applications of insecticides be accomplished. The
effectiveness of any residual insecticide will vary
with both the species of chigger and the area in-
volved. Consequently, for adequate results, ex-
perimentation with materials and application rates
may be necessary. Contact the area preventive
medicine unit or DVECC for help or guidance.
Control measures for scabies or itch mites
should be supervised by a medical officer. Con-
trol consists of treating infested individuals with
a 1 percent gamma isomer of BHC (lindane) or
other prescribed material and heat sterilization of
clothing and bedding.
TICKS. Ticks are annoying pests because of
their bite and their ability to cause tick paralysis.
They also are important vectors of infectious
disease, including tularemia, Q fever, endemic
relapsing fever, Rocky Mountain spotted fever,
tick-borne typhus, and Colorado tick fever.
The two principal types of ticks are hard and
soft ticks. The hard ticks are identifiable by their
distinct hard dorsal covering. They attach
themselves to their hosts during feeding and may
remain there for a long time before engorgement
is completed. The soft ticks lack the distinct hard
dorsal covering. They hide in cracks and crevices
in houses or in the nests of their hosts and come
out at night to feed on the blood of the host for
a short period. The larvae and nymphs generally
feed several times before molting.
Protection from ticks begins with avoidance
of infested areas whenever possible and wearing
of protective clothing. High-top shoes, boots, leg-
gings, or socks pulled up over the trouser cuffs
help to prevent ticks from crawling onto the legs
and body. At the end of the day, or more often,
thoroughly inspect the body for attached ticks,
making sure that none have migrated from in-
fested to fresh clothing or bedding. This is critical
as some species of hard ticks can cause paralysis,
resulting in death, especially in small children
when allowed to feed for prolonged periods.
Personal application of the standard-issue in-
sect repellent is effective against ticks. Apply the
repellent by drawing the mouth of the inverted
bottle along the inside and outside of clothing
openings. Treatments with 2 fluid ounces (59.15)
of repellent per man per treatment have proved
to be effective for 3 to 5 days. Impregnation of
clothing with repellents is the method of choice
for the protection of troops operating in
All ticks found on the body should be removed
at once. The best method for removing attached
ticks is to coat them with Vaseline, baking powder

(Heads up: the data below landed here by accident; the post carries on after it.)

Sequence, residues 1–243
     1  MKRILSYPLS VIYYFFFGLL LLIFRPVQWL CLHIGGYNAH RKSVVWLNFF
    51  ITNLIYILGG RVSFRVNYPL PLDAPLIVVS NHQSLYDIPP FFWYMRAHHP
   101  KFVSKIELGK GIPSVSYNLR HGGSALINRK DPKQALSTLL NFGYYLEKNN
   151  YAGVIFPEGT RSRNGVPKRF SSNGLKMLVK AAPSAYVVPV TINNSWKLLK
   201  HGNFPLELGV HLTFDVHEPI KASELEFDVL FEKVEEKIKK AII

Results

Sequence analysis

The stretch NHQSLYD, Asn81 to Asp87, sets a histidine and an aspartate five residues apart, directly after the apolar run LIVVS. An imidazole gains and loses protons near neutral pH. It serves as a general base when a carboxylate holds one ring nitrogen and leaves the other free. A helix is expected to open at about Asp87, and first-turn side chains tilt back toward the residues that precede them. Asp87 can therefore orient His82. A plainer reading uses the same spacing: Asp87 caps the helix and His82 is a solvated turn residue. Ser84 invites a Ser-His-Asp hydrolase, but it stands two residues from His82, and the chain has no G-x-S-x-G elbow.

paste, or clear nail polish. Care should be taken
not to crush the tick or to break off the embedded
mouth parts, which could be a source of infec-
tion. The wound should be treated with an
Clearing vegetation from infested areas will
aid in the control of ticks and is recommended
for bivouac and training grounds. All low vegeta-
tion should be uprooted with a bulldozer or cut
and then burned or hauled away.
When troops must live or maneuver for
periods of time in tick-infested zones, area con-
trol by residual application of sprays, dusts, or
granules should be achieved. Residual treatments
in living spaces are to made to infected areas only.
FLEAS. Fleas are intimately connected with
the transmission of disease, including bubonic
plague and endemic or murine typhus. They are
also the intermediate host of certain parasitic
Fleas are ectoparasites of birds and mammals.
The nest or burrow of the host is the breeding
place and contains the egg, larva, pupa, and fre-
quently the adult flea. Most fleas do not remain
on their hosts continuously. Unlike most blood-
sucking insects, fleas feed at frequent intervals,
usually at least once a day.
Flea-infested areas should be avoided when
possible. Protection can be afforded by wearing
protective clothing or by rolling the socks up over
the trouser cuffs to prevent fleas from jumping
onto the skin. The application of standard-issue
insect repellents is effective for short periods.
Transmission of plague and endemic or
murine typhus may be controlled by applying in-
secticidal dusts to rat runs and harborages. If ro-
dent control measures are to be undertaken when
flea-borne diseases are prevalent, dust rat burrows
before beginning rodent control to prevent fleas
from leaving dead or trapped rats and migrating
to humans or animals.
Control of dog and cat fleas can be obtained
through the use of a dust or a spray applied di-
rectly to the animal. Area applications, for the
control of dog and cat fleas, may be made using
RODENTS. Rodents such as rats, mice, and
ground squirrels are reservoirs for plague,
endemic typhus, tularemia, and many other
debilitating diseases. In addition, they can cause
property damage and destruction. Rodents occur
throughout the world; therefore, their control is
a problem in any geographic location.